Street Fighter V is slowly becoming the fighting game it was promised to be, but the launch didn’t exactly go smoothly. A range of issues regarding rage quitters, connectivity issues, and a lack of single player options led to much lower critical scores than the company had hoped for. Looking back, Producer Yoshinori Ono admits that he and his team might have overlooked a few key areas.
In an interview with Game Informer, Ono states that Capcom probably ‘underestimated” the desire for offline experiences. While he claims that they are going to only get better from here on out, especially with the full-blown “story mode” due in June, he understands where those with frustration towards the game are coming from.
“I think it’s safe to say that we underestimated the popularity of some of the single-player features. That said, we are excited about the two all-new single-player modes – character story and survival – and we have plans to continue to refine and expand onto those experiences.”
Many also assumed that Capcom launched the game early in February to be able to quickly get it onto the pro scene, not wanting to miss out on huge tournaments like Final Round and NorCal Regionals 2016. Ono says that the tournaments had something to with its early launch, but were not the entire reason why it was shuffled out with so few features.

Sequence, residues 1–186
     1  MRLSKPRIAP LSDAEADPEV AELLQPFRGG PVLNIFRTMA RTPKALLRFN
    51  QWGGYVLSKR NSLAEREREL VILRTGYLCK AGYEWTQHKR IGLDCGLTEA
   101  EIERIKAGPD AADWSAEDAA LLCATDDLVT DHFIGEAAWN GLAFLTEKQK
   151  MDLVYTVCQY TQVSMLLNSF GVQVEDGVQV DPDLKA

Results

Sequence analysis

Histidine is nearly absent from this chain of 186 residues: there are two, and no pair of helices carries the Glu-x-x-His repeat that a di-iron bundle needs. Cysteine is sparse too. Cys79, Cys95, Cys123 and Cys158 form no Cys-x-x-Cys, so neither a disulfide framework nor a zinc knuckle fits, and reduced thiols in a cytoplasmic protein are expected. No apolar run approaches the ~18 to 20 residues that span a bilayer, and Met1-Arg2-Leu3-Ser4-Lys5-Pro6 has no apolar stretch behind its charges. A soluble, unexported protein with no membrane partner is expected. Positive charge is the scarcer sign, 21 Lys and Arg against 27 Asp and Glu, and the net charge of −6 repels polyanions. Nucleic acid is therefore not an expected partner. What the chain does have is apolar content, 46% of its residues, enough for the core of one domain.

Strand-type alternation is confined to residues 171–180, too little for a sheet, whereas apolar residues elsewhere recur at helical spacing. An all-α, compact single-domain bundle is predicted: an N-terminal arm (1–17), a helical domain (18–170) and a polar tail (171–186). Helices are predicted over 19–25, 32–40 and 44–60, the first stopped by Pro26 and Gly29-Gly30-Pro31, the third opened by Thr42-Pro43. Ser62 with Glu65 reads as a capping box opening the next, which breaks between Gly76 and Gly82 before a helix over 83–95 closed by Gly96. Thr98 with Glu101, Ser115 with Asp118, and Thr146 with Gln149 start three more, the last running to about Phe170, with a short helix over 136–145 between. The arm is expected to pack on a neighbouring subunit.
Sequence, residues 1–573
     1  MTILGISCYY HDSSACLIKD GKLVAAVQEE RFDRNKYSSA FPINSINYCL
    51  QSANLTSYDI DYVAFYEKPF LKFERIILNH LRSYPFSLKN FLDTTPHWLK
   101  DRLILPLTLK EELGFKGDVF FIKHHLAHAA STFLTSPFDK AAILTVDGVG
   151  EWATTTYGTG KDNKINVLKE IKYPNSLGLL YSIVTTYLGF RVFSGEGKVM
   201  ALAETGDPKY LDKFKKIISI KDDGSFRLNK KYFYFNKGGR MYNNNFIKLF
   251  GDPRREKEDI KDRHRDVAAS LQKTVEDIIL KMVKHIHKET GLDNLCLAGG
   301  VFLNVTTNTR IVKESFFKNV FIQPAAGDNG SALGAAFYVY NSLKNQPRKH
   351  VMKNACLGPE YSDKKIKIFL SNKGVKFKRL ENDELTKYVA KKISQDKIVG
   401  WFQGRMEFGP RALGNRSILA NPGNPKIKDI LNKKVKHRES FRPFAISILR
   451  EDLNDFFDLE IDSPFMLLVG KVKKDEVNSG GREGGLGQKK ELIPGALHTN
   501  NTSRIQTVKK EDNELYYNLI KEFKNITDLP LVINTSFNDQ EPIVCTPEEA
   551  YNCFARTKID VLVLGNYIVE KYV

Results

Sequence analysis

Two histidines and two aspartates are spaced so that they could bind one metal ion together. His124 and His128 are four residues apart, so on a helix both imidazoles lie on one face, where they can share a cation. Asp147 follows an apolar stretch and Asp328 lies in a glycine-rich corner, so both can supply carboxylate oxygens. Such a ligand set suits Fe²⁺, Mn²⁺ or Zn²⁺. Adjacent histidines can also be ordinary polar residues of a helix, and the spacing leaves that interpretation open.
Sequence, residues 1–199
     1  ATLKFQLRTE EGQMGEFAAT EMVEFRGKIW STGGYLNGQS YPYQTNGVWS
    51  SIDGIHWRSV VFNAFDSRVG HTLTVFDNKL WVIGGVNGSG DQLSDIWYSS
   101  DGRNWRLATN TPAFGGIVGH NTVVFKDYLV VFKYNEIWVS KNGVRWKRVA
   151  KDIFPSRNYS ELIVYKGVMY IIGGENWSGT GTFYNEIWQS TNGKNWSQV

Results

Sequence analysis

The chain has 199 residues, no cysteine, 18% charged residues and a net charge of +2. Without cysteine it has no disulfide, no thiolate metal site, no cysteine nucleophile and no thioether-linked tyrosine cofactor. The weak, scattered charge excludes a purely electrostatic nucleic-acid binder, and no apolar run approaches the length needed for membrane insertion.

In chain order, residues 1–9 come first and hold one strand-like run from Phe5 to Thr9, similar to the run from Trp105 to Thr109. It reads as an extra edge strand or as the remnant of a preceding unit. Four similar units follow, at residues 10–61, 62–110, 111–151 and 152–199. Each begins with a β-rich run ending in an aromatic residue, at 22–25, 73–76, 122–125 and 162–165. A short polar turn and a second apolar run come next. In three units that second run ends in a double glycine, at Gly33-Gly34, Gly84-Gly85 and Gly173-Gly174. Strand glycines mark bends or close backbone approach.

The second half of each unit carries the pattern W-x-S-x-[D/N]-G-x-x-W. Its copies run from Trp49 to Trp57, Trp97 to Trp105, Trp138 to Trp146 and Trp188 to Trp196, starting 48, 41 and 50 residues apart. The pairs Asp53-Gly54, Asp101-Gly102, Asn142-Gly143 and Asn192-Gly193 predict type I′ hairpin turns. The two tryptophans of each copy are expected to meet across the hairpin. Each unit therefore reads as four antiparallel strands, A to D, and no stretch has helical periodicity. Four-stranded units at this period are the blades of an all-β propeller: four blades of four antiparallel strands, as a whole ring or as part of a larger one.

“The Capcom Pro Tour wasn’t the only reason for why the game was released when it was. We understand that if we had more features ready at launch, it probably would’ve been better received by some of our more casual fans who tend to enjoy Street Fighter more via single-player content, as opposed to competitive play.”
In regards to the other issues, Ono proudly says that Capcom is learning ways to deal with rage-quitters and connectivity issues as it goes along, hoping for a smoother experience in the months to come.
My take? Capcom is trying something entirely new with Street Fighter V, and as it always goes with new things, there is a lot of learning as it goes along. Street Fighter V is built to be a platform that lasts for years, not just a one off release that will be replaced the following November. It might be in rough shape now, but five years down the line, after it has run its course, players will barely remember the first few months.
Give it time. Street Fighter V is improving, and will come around eventually. This is no Call of Duty. You invested $60 in this game, but you won’t have to replace it any time soon.